Birds of Prey: Metropolis or Dust

Writer: Sean McKeever

Penciler: Nicola Scott

Inker: Doug Hazelwood

Distributed By: DC Comics

Reviewed by Melissa Minners

            When Birds of Prey: Metropolis or Dust hit the comic book stands, I wondered whether it would match up to past trade paperbacks in the
Birds of Prey series.  I had been a fan of Chuck Dixon’s Birds of Prey storylines, but he had left the series long ago.  Gail Simone took over and made the Birds ever more interesting and dear to our hearts.  She, too, moved on to other pastures and Birds of Prey fans were left to wonder what would happen to our favorite comic book heroines.  We were especially bewildered by the news that the Black Canary would be leaving the fold.  An original and founding member leaving the Birds of Prey?  What good could come of that?  So, it was with great trepidation that I purchased this latest trade paperback, hoping that my fears for the series were unfounded.

            Metropolis or Dust finds the remaining members of the Birds of Prey battling to save Metropolis from Tabitha Brennan, the 17-year-old psychopathic leader of a local mafia family.  Unfortunately, things don’t go exactly as planned.  In fact, the Birds attempt to stop Tabitha in her latest venture is disastrous and hundreds die as a result.  Superman chastises Oracle, causing her to question her actions and leaving her team in disarray.  As Oracle calls upon all of her allies in an effort to understand what went wrong with the Brennan incident, Lady Blackhawk mysteriously disappears and only Huntress can save Zinda from an evil nemesis from her past.  With her team torn apart and her confidence dealt a severe blow, can Oracle pull things together fast enough to prevent another massacre, or is it time for the all-seeing, all-knowing Oracle and her team of do-gooders to call it quits?

            Metropolis or Dust is a compilation of Birds of Prey issues 113-117 and features cover art from Stephane Roux.  The storyline marks the return of Tabitha Brennan, who first appeared in Blood and Circuits.  As you may remember, the rescue of Tabitha Brennan from a Mexican prison was one of the first missions that Oracle’s revamped Birds of Prey were sent out on.  Right about now, Oracle is probably wishing that she had left the girl to rot in that prison.  Sean McKeever’s writing style isn’t much of a departure from that of Chuck Dixon and Gail Simone.  However, it should be noted that the levity that used to be so much a part of this series has suddenly disappeared.  I miss the witty banter between Oracle, Black Canary and Huntress.  An attempt has been made to bring some of that back with the introduction of Misfit, a teleporting teenager that Barbara Gordon has taken in and promised to train.  Thus far, the addition of Misfit has been little more than an annoyance, but only time will tell.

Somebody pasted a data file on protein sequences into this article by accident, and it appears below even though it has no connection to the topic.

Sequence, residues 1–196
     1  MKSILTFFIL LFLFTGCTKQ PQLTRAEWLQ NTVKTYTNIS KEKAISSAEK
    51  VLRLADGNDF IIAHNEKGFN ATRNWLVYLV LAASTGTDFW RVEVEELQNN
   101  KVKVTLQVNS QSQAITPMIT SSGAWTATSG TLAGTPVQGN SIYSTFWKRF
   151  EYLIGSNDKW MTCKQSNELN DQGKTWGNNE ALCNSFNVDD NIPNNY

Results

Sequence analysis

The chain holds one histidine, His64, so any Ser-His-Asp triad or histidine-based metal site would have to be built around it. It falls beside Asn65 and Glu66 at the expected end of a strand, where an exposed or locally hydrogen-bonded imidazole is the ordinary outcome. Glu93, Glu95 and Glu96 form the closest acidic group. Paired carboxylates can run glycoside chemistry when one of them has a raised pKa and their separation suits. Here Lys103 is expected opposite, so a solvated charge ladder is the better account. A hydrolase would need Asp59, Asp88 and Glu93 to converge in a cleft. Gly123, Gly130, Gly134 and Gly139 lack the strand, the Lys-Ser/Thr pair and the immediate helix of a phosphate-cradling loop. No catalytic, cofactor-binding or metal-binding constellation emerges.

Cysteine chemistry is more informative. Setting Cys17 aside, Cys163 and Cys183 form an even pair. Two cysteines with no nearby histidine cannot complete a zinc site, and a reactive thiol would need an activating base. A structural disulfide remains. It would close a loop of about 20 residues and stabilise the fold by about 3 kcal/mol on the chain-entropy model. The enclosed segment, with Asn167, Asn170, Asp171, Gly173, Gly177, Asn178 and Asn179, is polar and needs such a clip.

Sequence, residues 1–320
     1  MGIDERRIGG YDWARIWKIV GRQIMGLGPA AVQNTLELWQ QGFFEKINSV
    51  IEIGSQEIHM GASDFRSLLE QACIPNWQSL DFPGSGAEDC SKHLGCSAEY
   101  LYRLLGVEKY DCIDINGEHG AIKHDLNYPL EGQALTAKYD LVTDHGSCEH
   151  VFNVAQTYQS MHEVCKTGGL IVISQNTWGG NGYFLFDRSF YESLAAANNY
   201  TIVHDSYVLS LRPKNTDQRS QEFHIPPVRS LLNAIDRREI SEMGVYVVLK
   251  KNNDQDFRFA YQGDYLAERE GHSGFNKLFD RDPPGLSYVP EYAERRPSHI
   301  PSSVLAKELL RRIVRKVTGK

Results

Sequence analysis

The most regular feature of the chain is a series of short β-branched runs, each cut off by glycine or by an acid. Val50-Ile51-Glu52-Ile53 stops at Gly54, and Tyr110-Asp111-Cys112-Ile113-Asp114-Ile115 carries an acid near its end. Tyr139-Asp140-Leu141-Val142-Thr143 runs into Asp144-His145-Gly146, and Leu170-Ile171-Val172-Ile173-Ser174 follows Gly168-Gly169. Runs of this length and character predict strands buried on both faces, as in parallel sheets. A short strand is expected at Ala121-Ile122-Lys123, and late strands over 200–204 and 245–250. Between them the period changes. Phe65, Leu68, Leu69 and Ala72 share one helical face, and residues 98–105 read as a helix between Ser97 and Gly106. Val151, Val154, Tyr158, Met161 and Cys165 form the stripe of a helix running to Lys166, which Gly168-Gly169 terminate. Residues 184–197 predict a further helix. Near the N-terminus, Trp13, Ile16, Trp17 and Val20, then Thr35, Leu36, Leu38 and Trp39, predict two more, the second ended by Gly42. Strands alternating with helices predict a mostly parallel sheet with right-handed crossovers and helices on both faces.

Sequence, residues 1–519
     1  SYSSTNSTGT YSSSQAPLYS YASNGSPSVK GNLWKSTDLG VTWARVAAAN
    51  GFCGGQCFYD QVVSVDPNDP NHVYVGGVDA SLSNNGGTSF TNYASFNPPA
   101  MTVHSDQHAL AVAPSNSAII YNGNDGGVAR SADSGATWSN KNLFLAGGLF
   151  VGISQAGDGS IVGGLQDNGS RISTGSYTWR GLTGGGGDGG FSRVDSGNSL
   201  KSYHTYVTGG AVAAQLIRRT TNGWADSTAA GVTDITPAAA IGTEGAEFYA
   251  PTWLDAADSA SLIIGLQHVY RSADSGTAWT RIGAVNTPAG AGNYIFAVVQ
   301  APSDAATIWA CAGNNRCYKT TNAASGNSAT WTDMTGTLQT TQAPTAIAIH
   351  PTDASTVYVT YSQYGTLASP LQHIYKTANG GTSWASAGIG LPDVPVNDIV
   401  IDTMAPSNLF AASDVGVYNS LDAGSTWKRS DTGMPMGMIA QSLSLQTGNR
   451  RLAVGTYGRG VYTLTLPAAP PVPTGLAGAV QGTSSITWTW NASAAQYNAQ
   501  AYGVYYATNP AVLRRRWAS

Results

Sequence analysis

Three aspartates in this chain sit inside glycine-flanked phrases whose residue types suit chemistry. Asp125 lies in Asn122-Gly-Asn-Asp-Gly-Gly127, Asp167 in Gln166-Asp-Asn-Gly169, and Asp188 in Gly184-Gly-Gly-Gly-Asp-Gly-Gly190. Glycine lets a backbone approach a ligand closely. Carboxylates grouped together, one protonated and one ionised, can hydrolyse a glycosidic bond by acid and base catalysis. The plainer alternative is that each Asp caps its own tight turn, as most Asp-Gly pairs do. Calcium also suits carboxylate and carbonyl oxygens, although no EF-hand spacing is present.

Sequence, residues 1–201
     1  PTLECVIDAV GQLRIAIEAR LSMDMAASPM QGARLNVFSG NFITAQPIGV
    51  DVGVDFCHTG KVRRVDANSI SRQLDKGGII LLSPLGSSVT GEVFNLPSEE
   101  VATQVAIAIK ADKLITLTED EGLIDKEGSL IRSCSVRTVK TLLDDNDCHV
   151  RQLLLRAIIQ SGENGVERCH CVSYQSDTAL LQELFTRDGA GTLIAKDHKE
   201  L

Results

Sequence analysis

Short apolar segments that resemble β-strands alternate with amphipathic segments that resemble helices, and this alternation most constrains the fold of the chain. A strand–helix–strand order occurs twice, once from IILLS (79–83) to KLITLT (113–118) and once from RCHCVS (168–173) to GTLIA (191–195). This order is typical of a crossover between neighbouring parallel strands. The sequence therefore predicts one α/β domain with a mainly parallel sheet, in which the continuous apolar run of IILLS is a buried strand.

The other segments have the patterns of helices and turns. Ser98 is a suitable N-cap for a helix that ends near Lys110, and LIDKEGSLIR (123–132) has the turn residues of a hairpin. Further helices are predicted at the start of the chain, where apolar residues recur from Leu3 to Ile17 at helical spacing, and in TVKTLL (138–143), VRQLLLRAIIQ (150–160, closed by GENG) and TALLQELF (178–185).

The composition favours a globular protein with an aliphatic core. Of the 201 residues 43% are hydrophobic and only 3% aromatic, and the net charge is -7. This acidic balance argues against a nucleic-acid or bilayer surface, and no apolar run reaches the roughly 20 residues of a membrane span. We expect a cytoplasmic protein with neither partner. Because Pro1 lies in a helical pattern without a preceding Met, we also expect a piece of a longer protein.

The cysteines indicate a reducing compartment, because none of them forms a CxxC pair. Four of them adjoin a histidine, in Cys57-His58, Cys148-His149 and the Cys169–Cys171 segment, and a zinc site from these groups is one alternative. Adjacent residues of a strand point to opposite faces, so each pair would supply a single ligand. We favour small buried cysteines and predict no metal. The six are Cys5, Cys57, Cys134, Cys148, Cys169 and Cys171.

It has taken some time for me to get used to the idea that the Birds of Prey headquarters has moved from Gotham to Metropolis.  Now, with the Metropolis or Dust storyline, it appears that the Birds will be moving again.  With all the computer technology that Barbara Gordon must lug around to maintain her status as Oracle, I wonder how her identity remains a secret, but then again, this is the world of DC Comics, where anything is possible.

            I have to say that I truly enjoyed Birds of Prey: Metropolis or Dust.  The storyline was engaging and I enjoyed the attempt to turn back the clock a bit by bringing back a villain from the past.  I was also happy to see Black Alice again – I had been wondering whatever happened to her.  I did think Sean McKeever’s Superman was just a tad out of character, but then again, it has been quite some time since I have read a Superman comic book, so he may have changed a bit when I wasn’t looking.  But for the most part, I thought Sean McKeever did an excellent job filling in very large shoes as a Birds of Prey writer.  Hopefully, he will decide to stick around for a while.  Kudos to the artwork found in this trade paperback – very realistic.  I’m not a fan of the manga or cartoonish look that sometimes make an appearance in Birds of Prey comic books.  The artwork found in Metropolis or Dust is just what the doctor ordered. 

            Fans of the Birds of Prey definitely need to check out Metropolis or Dust as it signifies yet another evolution for the team.  And, of course, since the mystery is only partially solved by the end of the trade paperback, I can’t wait for the next Birds of Prey trade paperback to hit the stores.


For more about Birds of Prey, check out these links:

Birds of Prey: Batgirl / Catwoman & Catwoman / Oracle
Birds of Prey: The Battle Within
Birds of Prey: Between Dark & Dawn
Birds of Prey: Black Canary / Oracle: Birds of Prey

Birds of Prey: Blood and Circuits
Birds of Prey: Dead of Winter

Birds Of Prey Feature
Birds of Prey: Of Like Minds
Birds of Prey: Old Friends, New Enemies

Birds of Prey: Perfect Pitch
Birds of Prey: Secret Files & Origins 2003
Birds of Prey: Sensei & Student

Birds of Prey Television Series
Birds of Prey Television Series DVD

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